Viewed – 08 May 2015  Blu-ray

20th Anniversary Special Edition

I first saw this acclaimed mob drama a number of year’s ago, and even though I knew it was based on a true story, only recently have I learned about the real-life events the story follows.  Robert DeNiro plays professional gambler Sam ‘Ace’ Rothstein who gets the opportunity to run the Tangier’s Hotel and Casino in Las Vegas in the late seventies.  He makes a big pil o’ cash for the mob ‘back home’ and attracts former childhood friend Nicky Santoro (Joe Pesci) who also has ideas of making a killing on the strip…literally and figuratively.  Meanwhile Ace falls for glamorous hustler Ginger (Sharon Stone) who soon complicates everyone’s lives.


A spiritual successor to director Martin Scorsese’s other famed mob classic Goodfellas, reuniting DeNiro with Pesci … who pretty much plays the same type of unhinged psycho that nabbed him an Oscar in ‘Fellas.    DeNiro however, despite his character’s connections to the mob, is more the straight guy trying to avoid any sort of ‘heat’ – and his presence here commands the movie from beginning to end.  Stone is a welcome inclusion to the Scorsese mob-movie fold and adds her usual sexy sass and grit in a role that pretty much enables this movie to have it’s own voice.  At a butt-numbing three hours it can sometimes drag, yet the situations, strong performances and the whole glitz of the setting (not to mention a stellar soundtrack) make for great entertainment.  It’s incredibly violent at times, to the point of being gratuitous (especially towards the end) and the story isn’t as engrossing as it thinks it is.  Also some of the ‘artistic licence’ with the facts remain puzzling (Tangiers is fictional, based on the famed Stardust hotel) and DeNiro and Pesci’s character names are made up, but based on Frank Rosenthal and Anthony Spilotro respectively.  Yet to quibble at this is to do the movie a disservice, as it remains another decent, if familiar mob drama from the true master of the subject.

The Blu-ray, re-issued for the movie’s 20th anniversary has a very nice image quality, retaining grain and detail even if some shots (especially in door and night time scenes) get a little fuzzy.  The sound in DTS HD Master Audio, which is very dialogue-driven is mostly excellent and the fantastic soundtrack really brings this one to life.  Vegas looks incredible also.  The extras consist of a ‘moments with the cast & crew’ option which has pop up interviews as the movie plays.  We also get a couple of detailed documentaries, as well as a few deleted scenes.  However, there doesn’t seem anything here that wasn’t on previous releases … making for a bit of a cash-in.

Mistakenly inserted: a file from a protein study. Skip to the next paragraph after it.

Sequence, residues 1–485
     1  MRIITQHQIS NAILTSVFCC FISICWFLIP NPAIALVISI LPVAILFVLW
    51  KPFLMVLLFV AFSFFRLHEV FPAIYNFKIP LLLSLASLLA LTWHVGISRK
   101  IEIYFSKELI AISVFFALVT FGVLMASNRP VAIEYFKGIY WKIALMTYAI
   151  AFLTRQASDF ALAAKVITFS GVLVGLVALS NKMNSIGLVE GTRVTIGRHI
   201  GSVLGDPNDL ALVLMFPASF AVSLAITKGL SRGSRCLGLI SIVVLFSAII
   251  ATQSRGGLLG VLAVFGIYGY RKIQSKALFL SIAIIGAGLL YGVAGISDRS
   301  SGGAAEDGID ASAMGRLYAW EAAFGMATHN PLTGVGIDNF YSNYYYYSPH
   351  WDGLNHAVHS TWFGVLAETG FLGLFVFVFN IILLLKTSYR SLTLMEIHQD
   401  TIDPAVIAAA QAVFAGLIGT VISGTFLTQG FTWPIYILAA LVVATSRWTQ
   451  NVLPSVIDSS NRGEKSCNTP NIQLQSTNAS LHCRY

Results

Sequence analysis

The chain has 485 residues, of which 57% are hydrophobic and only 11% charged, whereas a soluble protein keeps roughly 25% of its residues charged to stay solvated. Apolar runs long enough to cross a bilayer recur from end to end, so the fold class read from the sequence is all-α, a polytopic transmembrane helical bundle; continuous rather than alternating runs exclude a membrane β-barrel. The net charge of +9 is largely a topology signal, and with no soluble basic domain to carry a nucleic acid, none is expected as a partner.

(the movie)  3.5 /5

(the Blu-ray)  4 /5


Viewed – 24 April 2008  DVD

I had heard many good things about this fantasy adventure film, and even though I had my doubts in Director Mathew Vaughan’s talents following humble beginnings in gangster yarns like Lock, Stock & Two Smoking Barrells and Layer Cake – I didn’t have him cut out to tread similar ground to say Peter jackson and to an even greater extent (due to this films tone) the great Terry Gilliam – but fear not!

This rather gently told fable of boy meets fallen star girl on route to winning the heart of his true love, is the stuff of every good fantasy novel way back to the days of J.R.R. Tolkien, and even though this seriously lacks the granduer of a Lord of the Rings film, at its heart is enough magic, fun and enchantment to keep you amused – oh and wicked witch Michelle Pfeiffer steels the show at every turn.

It’s english routes (probably something to do with Vaughan again) do threaten to turn the whole thing into Monty Python at times (even though I did find Robert DeNiro prancing about in a dress rather funny), with various cameos from british comedy (including the never ending guest appearances in bloody everything lately of ‘comedienne’ Ricky Gervais).  Yet despite this, in the end (and by that, read ‘spectacular’ end) the whole recipe is served up deliciously, and topped off with Take That’s chart topping theme.  Ok it is as predictable as hell, but I’ll forgive that when it comes together so perfectly.

Just don’t expect an enduring masterpiece, and you’ll still get a gem.

Verdict:  4 /5